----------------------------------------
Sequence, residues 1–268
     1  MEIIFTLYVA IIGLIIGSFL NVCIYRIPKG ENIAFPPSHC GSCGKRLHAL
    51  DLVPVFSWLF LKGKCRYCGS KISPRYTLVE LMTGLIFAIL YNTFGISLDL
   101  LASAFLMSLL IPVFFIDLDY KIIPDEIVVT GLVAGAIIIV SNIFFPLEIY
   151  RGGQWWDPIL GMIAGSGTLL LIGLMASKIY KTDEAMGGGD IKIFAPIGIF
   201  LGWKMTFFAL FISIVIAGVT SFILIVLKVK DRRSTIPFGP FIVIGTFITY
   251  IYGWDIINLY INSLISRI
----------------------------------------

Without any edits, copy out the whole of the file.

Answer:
Sequence, residues 1–268
     1  MEIIFTLYVA IIGLIIGSFL NVCIYRIPKG ENIAFPPSHC GSCGKRLHAL
    51  DLVPVFSWLF LKGKCRYCGS KISPRYTLVE LMTGLIFAIL YNTFGISLDL
   101  LASAFLMSLL IPVFFIDLDY KIIPDEIVVT GLVAGAIIIV SNIFFPLEIY
   151  RGGQWWDPIL GMIAGSGTLL LIGLMASKIY KTDEAMGGGD IKIFAPIGIF
   201  LGWKMTFFAL FISIVIAGVT SFILIVLKVK DRRSTIPFGP FIVIGTFITY
   251  IYGWDIINLY INSLISRI